How Will the Budget Affect Our Communities?
Rep. Michael Wray and I will hold a public forum on the proposed House budget and its impact on four key areas of our district. The forum is slated for 7-9 p.m. Thursday, May 12, at the old courthouse in Henderson, 122 Young St.
Speakers will be:
- · Carolyn Paylor, executive director of Franklin-Granville-Vance Partnership for Children, will speak on the Smart Start program. For more information on Smart Start, click here. The proposed budget, if passed, will cut 20 percent of the program’s budget across the state.
- · Dr. Timothy Farley, superintendent of Granville County Schools, will address the House budget’s impact on public schools, which are looking at a nearly 9 percent reduction in spending and the possible loss of 21,000 educators and support staff in North Carolina.
- · Valerie Hennicke, director of the Five-County Mental Health Authority will speak on the impact of the budget on mental health care in the district.
- · Cindy Bostic, an assistant district attorney from Oxford, will speak on the impact of the budget on the criminal justice system.
Speakers will have approximately 15 minutes for comments, followed by a question-and-answer period from the audience.
Auto Insurance Changes Sent to Study Committee
The Senate Insurance Committee considered two bills this week aimed at overhauling regulation of automobile insurance rates. Changing automobile insurance regulation is a complex issue, but understanding three basic principles are critical: (1) NC automobile owners are required by law to have minimum limits of liability insurance coverage to protect persons who may be injured by a driver’s negligence, (2) because auto insurance is mandatory, insurance companies cannot refuse to write policies, and (3) to prevent unreasonable rates for mandatory coverage, the Commissioner of Insurance sets automobile liability insurance rates.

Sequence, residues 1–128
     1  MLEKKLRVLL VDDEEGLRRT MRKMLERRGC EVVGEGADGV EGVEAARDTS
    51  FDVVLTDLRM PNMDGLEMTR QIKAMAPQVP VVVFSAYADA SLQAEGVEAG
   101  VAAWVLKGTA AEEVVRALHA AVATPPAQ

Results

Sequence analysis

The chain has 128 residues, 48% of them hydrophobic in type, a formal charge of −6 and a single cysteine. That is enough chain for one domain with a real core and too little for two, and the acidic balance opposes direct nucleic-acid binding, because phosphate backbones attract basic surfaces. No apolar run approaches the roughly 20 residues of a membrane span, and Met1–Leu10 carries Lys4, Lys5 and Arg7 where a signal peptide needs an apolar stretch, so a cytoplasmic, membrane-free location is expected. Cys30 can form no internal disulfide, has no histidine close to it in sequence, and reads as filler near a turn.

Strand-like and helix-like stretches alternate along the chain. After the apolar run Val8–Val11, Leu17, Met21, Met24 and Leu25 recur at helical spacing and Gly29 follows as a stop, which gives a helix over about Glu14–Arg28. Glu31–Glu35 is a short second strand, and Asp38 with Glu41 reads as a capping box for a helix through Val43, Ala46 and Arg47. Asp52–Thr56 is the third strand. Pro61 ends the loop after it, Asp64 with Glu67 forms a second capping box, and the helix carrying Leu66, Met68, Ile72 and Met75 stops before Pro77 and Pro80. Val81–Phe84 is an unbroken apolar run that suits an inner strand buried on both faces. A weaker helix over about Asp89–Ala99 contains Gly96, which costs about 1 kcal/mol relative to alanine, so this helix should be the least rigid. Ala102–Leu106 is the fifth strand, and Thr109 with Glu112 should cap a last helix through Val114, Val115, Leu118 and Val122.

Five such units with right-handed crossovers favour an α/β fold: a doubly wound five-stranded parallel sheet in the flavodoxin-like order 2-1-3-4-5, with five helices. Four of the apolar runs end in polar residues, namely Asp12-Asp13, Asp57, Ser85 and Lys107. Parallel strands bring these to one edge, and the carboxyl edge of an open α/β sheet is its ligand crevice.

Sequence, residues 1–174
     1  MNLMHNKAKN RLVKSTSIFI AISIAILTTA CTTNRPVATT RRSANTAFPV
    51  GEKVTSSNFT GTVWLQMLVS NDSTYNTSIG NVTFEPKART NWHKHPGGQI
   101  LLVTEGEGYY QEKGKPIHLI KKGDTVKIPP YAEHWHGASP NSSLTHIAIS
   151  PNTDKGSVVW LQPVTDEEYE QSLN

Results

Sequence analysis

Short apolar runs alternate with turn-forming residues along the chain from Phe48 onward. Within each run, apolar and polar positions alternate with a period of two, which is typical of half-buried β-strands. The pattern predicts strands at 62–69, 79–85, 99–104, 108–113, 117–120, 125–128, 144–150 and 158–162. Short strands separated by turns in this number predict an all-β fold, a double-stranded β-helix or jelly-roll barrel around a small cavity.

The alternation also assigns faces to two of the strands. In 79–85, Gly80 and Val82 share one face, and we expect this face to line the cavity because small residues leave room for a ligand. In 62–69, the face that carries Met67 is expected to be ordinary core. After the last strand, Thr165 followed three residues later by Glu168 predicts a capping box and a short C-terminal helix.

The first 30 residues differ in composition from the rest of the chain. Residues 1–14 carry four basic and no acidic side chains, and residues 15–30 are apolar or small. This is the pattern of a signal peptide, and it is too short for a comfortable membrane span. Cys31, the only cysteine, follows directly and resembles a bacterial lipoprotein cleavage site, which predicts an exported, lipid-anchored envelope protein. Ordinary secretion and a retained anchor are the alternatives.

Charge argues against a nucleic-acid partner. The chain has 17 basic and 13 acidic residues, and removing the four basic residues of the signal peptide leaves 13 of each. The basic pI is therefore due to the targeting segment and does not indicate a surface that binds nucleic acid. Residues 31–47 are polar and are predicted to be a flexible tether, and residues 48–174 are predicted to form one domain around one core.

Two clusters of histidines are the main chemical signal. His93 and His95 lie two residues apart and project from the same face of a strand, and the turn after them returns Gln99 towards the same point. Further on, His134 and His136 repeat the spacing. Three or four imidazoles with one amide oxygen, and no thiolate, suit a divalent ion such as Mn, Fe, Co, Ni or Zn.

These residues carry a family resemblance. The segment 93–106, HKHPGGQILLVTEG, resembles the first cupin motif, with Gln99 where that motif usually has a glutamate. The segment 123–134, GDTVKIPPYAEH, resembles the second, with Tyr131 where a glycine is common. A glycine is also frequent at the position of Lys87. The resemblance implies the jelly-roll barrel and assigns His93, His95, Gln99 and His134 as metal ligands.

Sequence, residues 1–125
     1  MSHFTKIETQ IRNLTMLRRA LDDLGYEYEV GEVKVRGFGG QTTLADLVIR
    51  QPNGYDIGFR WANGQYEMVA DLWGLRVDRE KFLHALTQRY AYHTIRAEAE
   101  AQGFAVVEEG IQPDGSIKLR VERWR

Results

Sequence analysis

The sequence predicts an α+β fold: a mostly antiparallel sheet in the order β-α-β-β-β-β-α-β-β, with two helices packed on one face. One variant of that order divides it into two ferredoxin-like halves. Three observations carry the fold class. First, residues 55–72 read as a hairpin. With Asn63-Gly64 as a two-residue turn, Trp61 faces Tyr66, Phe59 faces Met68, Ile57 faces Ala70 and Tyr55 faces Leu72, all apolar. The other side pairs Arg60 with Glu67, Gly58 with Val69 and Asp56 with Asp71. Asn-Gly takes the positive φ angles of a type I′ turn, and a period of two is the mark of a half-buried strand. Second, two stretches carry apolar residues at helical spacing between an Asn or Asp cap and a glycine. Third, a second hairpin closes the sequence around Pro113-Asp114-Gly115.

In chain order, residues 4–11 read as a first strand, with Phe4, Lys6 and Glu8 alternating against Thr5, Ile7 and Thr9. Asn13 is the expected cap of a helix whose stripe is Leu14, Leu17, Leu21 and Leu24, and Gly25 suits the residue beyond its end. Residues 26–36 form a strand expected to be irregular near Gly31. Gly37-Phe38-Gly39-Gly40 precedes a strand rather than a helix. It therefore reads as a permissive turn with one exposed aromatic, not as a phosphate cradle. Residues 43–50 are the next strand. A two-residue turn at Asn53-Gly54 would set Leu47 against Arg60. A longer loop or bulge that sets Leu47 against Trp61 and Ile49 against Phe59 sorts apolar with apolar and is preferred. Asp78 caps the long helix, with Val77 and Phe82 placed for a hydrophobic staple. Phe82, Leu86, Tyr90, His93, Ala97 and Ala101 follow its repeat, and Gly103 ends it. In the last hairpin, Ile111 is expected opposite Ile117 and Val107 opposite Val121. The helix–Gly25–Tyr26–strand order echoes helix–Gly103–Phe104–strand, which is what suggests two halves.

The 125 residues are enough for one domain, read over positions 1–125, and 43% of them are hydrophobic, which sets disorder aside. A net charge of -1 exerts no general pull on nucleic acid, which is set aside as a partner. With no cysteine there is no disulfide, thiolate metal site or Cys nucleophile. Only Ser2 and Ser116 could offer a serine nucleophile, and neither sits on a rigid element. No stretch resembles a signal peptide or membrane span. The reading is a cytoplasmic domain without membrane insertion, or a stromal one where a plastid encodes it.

Advocates for both bills contend that current regulation penalizes good drivers to subsidize high risk drivers and that eliminating or limiting the power of the Insurance Commissioner to regulate rates would provide competition lowering rates. Insurance Commissioner Wayne Goodwin and some insurance companies disagree. They note that North Carolina’s auto liability rates are the lowest in the South and the eighth-lowest in the United States. Commissioner Goodwin strongly contends that passage of either of the two bills would lead to substantial rate increases for all drivers.
The new legislation would do away with the insurance point system that now dictates who is high risk, and one of the bills gives the power to the insurance companies to determine who should be charged higher rates. In addition, the other bill allows insurance companies to raise rates, on average, 15 percent per year with little to no regulation over those rate hikes.
During the Committee deliberations, I asked if both bills would effectively raise rates for younger drivers with safe driving records. Senator Rucho, Republican from Mecklenburg County and the primary sponsor of the bill that would take away Commissioner Goodwin’s power to regulate rates, admitted that younger drivers would pay more for insurance and also added that senior citizens would also pay higher rates.